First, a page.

"By definition the amount of money in the world is never an issue, people decide what a standard of value is worth, not how much there is. What is at issue is the value of things, and the only reason to have fiat money is to have distorted values of things. No need to look far for distorted values, for waste of resources. Does the whole environmental movement result from anything but fiat money? Should a free country be a nation of tenants and homeless people? House construction is largely old knowledge and readily available materials, no reason why most people who want should not be absolute land-homeowners. The horse comes before the cart, buying and selling comes before borrowing and lending. Any reason for the cart before the horse, the United States government's endless, futile attempt to make the world revolve around borrowing and lending, but fiat money? Etc., etc.

      A gold dollar has far higher value than fiat money, the homeless dollars originating unearned that no fiat-money supporter will take personal responsibility for, that can only be deployed at all via such dictionary-defying ideas as changing the amount of money. Gold dollars are for prices, not price controls."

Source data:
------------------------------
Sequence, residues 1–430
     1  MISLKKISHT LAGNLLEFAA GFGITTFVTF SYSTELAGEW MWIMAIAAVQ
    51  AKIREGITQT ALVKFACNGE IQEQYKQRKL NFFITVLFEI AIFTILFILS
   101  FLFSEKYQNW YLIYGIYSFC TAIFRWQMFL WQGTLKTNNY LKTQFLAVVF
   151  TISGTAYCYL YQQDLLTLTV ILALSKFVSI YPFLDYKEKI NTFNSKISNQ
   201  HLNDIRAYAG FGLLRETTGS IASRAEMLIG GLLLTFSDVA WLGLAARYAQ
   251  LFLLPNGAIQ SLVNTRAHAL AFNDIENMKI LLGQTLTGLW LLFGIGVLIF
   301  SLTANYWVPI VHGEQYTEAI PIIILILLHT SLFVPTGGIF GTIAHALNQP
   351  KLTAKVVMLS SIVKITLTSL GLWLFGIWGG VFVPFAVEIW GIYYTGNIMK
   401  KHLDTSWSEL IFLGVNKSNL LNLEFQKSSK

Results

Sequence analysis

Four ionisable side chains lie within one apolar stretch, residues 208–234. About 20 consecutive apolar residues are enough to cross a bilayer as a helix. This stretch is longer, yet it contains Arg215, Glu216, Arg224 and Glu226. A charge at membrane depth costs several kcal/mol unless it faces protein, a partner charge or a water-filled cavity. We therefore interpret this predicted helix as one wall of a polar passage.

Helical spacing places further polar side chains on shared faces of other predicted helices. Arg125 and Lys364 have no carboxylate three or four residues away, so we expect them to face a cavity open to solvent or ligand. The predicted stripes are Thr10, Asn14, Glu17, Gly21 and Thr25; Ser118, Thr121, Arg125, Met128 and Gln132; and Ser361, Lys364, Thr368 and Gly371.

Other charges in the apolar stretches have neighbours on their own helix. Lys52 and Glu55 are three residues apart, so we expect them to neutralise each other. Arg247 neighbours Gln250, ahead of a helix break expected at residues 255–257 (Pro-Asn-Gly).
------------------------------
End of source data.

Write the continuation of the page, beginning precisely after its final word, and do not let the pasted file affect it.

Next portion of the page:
• +1 +1 0 Eric severance Sep. 10, 2016
    "I do believe we should return to the gold standard but i fear it will not happen until some disaster is brought on by our use of fiat currency. Seems that the us government would rather have war then consider the gold standard. War with anyone that challenges the us dollar. I will end with this. Return to the gold standard before you get us into a war you can't win."
    1250 characters left
  • +1 +6 -5 James Ashby Sep. 26, 2014